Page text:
Were we to label decades the way the Chinese name years — by reference to animals — this would qualify as the Decade of the Black Swan.
In Roman times, a black swan signified an impossibility — as all swans were white. That is, until Dutch explorers came upon black swans in Western Australia in 1697. Then, naturally, the meaning of the term was transformed into the description of something that once had been deemed impossible but now was found to exist after all.
Nassim Taleb transformed the term again, is his book by that title, to refer to events that are both rare and extremely consequential. We have had our fill of those in recent years — from Sept. 11 to the financial crisis to the Gulf oil spill. All were very unlikely, yet all occurred, with devastating impact. Our responses to all three reveal we are still struggling to understand and guard against such events.
Economists said the financial crisis could not happen — a conclusion reached by assumption. Economists assumed securities prices vary according to a normal, bell curve — lots of little changes and very few big ones. Two Nobel laureates prefigured our most recent debacle, going bankrupt and creating a financial crisis all their own in the ’90s, based on the assumption these risks could be managed by statistical modeling.
Bell curves are handy devices. They nicely describe height and weight. Very few are far from the averages, and even they are not terribly far. Take a sample of 1,000 adult American men and their total weight will be about 191,000 pounds. Add the heaviest American man ever (who tipped the scale at 1,400 pounds) and you have changed the weight of the sample by seven-tenths of 1 percent.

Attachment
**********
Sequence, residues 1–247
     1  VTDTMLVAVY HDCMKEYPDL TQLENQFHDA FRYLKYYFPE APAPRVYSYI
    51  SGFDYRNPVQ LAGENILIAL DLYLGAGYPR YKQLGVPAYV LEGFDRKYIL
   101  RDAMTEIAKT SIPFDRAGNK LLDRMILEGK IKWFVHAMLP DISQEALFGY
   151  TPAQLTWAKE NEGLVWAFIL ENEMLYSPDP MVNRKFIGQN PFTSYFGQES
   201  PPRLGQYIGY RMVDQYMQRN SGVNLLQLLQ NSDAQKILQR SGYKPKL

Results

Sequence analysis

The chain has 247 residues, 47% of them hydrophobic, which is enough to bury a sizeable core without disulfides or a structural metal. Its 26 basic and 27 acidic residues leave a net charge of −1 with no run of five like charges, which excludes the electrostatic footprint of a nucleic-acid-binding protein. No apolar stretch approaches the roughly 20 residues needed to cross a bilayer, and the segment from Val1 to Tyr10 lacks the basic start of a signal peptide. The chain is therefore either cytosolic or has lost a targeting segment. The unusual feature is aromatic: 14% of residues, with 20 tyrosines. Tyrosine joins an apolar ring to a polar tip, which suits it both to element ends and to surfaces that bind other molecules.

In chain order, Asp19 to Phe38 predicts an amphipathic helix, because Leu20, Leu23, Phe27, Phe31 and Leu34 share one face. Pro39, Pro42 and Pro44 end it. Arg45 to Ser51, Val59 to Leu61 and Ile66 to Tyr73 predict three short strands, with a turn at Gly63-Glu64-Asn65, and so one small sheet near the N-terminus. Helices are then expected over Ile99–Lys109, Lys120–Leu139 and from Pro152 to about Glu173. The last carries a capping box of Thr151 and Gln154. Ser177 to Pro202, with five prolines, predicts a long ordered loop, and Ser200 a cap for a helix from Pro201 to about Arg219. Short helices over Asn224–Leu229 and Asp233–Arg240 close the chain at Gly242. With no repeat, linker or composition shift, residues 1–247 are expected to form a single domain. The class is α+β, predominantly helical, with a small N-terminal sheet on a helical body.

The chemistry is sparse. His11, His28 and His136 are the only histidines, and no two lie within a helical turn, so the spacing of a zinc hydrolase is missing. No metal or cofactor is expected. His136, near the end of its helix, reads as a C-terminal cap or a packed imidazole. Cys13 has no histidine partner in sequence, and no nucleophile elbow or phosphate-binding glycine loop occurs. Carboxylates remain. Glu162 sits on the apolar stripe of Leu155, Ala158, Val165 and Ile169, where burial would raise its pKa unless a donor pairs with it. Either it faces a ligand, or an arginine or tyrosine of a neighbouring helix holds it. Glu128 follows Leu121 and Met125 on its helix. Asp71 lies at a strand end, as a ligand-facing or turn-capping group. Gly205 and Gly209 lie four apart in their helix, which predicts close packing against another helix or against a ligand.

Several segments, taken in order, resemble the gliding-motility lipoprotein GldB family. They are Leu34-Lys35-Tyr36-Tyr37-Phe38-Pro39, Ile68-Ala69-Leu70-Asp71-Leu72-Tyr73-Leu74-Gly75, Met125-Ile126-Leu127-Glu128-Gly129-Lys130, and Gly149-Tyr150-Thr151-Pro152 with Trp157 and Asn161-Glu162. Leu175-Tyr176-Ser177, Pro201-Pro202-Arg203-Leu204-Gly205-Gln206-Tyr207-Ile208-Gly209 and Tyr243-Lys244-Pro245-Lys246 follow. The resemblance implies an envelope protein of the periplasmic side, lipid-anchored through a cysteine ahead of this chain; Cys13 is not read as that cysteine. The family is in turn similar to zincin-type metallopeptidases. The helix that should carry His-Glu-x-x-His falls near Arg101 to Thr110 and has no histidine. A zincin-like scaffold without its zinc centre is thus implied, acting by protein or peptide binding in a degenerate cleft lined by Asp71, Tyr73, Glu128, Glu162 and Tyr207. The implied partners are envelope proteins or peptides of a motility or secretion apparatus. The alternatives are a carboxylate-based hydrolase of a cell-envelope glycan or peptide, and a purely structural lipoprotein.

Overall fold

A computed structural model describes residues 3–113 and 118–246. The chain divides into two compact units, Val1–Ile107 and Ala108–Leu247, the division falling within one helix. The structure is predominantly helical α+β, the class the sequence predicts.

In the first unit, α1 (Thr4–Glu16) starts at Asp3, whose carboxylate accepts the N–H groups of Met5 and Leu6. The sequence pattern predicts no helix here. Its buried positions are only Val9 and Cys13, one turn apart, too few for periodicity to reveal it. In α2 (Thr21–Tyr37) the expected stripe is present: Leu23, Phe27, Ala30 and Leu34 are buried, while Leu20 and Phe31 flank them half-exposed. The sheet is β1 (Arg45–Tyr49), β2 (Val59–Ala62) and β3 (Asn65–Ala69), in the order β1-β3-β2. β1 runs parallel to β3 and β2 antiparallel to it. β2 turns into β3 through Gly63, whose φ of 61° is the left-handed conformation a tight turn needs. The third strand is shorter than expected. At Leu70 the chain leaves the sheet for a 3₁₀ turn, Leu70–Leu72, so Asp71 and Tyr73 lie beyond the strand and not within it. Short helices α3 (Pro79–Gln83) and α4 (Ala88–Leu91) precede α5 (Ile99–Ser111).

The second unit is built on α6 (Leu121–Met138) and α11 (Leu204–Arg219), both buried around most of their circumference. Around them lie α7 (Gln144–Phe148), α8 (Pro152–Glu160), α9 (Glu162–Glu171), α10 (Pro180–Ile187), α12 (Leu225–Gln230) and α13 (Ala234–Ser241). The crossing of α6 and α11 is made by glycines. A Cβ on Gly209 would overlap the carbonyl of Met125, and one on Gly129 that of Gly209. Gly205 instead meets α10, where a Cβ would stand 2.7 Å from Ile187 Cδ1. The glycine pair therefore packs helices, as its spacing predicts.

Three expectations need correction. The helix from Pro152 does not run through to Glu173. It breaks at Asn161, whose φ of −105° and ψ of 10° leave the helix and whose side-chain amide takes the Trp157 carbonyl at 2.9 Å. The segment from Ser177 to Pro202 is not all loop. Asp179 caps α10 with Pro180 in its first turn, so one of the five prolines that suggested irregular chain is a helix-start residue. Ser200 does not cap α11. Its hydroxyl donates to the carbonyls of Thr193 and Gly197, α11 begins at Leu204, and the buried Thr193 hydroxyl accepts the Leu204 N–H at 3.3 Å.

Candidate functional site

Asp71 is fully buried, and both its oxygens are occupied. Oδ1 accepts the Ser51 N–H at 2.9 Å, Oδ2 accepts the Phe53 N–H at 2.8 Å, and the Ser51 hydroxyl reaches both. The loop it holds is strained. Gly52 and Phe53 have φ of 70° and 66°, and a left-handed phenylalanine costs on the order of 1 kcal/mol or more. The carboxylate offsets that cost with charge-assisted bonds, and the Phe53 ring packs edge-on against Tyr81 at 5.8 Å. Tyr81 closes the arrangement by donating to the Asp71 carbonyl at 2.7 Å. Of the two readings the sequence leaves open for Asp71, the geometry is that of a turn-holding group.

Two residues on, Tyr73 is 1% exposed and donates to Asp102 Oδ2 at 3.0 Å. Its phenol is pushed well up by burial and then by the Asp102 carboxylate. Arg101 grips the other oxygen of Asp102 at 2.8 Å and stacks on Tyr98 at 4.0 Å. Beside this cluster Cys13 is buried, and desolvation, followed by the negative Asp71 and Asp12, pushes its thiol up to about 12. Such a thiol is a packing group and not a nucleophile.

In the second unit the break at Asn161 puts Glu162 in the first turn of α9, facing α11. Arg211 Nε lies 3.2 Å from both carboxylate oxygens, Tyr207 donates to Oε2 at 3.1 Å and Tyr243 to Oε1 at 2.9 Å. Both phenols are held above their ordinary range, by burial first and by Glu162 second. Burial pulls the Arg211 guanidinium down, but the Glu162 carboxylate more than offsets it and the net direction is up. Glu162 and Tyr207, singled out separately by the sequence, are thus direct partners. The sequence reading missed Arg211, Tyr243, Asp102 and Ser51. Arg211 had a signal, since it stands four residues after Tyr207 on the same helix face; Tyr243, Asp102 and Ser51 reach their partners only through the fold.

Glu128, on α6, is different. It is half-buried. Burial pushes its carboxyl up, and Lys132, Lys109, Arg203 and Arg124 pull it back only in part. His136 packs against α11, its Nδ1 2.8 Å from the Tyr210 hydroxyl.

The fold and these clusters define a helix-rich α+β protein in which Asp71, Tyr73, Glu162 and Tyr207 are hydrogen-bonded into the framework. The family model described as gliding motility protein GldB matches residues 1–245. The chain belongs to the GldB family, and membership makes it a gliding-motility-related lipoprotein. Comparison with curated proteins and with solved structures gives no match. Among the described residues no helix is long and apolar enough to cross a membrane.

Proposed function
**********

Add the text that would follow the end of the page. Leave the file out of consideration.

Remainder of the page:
But bell curves don’t work everywhere. Move from weight to wealth. A sample of 1,000 Americans would have a combined net worth of about $120 million. Add Bill Gates to the sample and you have increased the net worth of the sample by some 440 times. No bell curve there.
So it is with stocks. On average, the Dow Jones increases by about 0.25 percent per day. A few months ago it plummeted by over 300 times that amount. According to some, in the course of a few months, banks lost more than the total of all the money they had ever made from investing. Rare and unlikely — with consequences beyond our wildest imaginings.
A Gulf oil spill was also judged as exceedingly unlikely. How do they compute the odds? Oversimplifying only slightly, count up the instances and divide by something. Since 1972 there have been just eight major platform spills in the Gulf — the largest discharged less than 20,000 barrels of oil. History suggests big spills are unlikely. It’s akin to saying Muhammad Ali has been alive for each of nearly 25,000 days — he must be immortal. All those wells pumping and never a spill of more than 20,000 barrels. Despite the “odds,” by early June, Deepwater Horizon will likely have deposited some 260,000 barrels into the ocean.
Black swans are, by definition, difficult problems, but these events should lead us in at least two directions.
First, be modest in assessing risk. In truth, we have little idea just how risky most courses of action actually are, and pretending to know more than we do renders us all less safe.
Second, limit the potential size of impacts. If a financial institution is too big to fail, it should be too big to exist. The broader its reach, the more likely we all are to suffer from its demise. The more we drill and the more we pump from each well, the more vulnerable we are to blowouts.
Oil is not the only dangerous source of energy. The nuclear industry touts its safety record — more plant days without incident than Ali has lived. But, if one day a nuclear plant suffers a major accident, those black swans could all be turning green.
Mellman is president of The Mellman Group and has worked for Democratic candidates and causes since 1982. Current clients include the majority leaders of both the House and Senate.